The secret of the success of religions is selling the fantasies of belief, and the essential ingredient of that belief revolves around the “afterlife.” That’s the big reward and the big justification that all the crap, the disease, the poverty, the oppression, all of the terrestrial hopelessness, can somehow be offered up and made into some positive merit to be cashed in for the eternal bliss on a cushion of Cumulus. How else could the Pope ride through the faithful in South Africa, or in South America in his Popemobile, spouting assurances that it is okay that the poor are oppressed by the corrupt regimes that his Church supports, okay that they are suffering the poverty that contrasts with his lavish opulence, okay that the sickness and hopelessness of their children will be compensated by a comfortable eternity because of their obeisance to him and their resignation to “the will of God.” Who thinks this shit up? A bunch of patriarchs and prophets, of course.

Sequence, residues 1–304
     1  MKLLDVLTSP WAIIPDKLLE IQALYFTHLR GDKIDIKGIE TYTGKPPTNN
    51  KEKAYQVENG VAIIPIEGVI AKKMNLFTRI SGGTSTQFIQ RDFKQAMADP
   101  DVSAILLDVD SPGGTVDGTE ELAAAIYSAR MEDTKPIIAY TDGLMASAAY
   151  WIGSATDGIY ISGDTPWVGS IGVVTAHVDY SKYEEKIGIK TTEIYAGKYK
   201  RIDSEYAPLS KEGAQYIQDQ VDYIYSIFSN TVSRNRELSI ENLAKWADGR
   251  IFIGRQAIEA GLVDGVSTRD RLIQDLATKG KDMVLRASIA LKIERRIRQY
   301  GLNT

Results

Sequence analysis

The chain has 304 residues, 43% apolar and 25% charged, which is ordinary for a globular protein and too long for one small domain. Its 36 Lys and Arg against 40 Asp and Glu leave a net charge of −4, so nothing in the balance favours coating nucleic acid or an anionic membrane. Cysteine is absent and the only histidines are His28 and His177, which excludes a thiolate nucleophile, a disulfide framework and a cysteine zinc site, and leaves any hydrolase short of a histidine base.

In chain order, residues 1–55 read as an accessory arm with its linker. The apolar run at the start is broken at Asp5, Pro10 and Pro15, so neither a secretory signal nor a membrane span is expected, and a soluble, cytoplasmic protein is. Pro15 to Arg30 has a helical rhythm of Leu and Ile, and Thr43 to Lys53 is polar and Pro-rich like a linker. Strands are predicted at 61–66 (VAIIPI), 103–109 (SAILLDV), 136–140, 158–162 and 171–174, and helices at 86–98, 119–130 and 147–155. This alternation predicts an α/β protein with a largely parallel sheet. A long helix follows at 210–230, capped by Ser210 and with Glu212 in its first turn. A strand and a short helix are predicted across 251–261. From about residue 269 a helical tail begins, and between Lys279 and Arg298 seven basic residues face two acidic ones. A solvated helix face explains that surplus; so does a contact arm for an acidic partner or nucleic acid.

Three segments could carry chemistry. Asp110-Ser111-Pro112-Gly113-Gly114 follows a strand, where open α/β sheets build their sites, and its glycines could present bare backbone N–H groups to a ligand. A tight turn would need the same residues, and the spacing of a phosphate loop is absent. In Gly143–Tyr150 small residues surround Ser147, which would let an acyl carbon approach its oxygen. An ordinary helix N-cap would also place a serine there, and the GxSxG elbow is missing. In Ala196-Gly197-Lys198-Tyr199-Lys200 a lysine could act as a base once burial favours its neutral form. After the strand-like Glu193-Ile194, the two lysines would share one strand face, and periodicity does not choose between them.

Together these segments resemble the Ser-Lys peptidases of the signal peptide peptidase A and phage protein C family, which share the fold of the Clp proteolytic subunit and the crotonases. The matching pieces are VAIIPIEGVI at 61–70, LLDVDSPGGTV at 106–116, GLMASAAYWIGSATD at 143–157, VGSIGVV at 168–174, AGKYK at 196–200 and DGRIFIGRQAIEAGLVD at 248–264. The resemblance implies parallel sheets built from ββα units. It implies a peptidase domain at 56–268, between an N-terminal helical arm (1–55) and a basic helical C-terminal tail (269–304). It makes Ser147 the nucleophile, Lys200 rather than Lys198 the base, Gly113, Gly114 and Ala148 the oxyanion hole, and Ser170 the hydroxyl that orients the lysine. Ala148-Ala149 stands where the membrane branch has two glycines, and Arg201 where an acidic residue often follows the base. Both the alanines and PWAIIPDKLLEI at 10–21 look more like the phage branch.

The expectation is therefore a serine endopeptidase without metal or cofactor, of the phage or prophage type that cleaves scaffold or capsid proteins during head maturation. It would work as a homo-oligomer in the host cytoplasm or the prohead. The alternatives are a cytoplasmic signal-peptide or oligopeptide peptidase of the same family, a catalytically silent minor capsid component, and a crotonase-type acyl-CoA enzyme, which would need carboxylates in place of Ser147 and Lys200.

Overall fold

OK, I’ve drifted a bit off my central theme, so let’s get back on track.

There is another thing I could never quite understand; that’s this business about everything should be for the glorification of God. One hears people saying all the time that they are doing something way they do it because they believe it brings glory to God. Teachers in my Jesuit high school encouraged us to put the letters AMDG that stood for Ad Majorem Dei Gloriam, or “for the greater glory of God,” on the top of our exam papers. Presumably this all-powerful, all-knowing, all everything creator of everything, is actually going to made to feel even more glorious because I correctly conjugated some Latin verb on a quiz. St. Paul said, “whether you eat or drink, or whatever you do, do all to the glory of God” (1 Cor. 10:31) I don’t think he would put this essay in that category.